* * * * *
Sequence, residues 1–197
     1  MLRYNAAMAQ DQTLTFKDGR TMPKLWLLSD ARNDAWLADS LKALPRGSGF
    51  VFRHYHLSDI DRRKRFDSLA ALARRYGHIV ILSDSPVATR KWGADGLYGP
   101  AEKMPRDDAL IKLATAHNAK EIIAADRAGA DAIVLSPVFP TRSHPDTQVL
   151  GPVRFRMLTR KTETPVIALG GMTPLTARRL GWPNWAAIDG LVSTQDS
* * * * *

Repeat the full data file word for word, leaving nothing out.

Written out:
Sequence, residues 1–197
     1  MLRYNAAMAQ DQTLTFKDGR TMPKLWLLSD ARNDAWLADS LKALPRGSGF
    51  VFRHYHLSDI DRRKRFDSLA ALARRYGHIV ILSDSPVATR KWGADGLYGP
   101  AEKMPRDDAL IKLATAHNAK EIIAADRAGA DAIVLSPVFP TRSHPDTQVL
   151  GPVRFRMLTR KTETPVIALG GMTPLTARRL GWPNWAAIDG LVSTQDS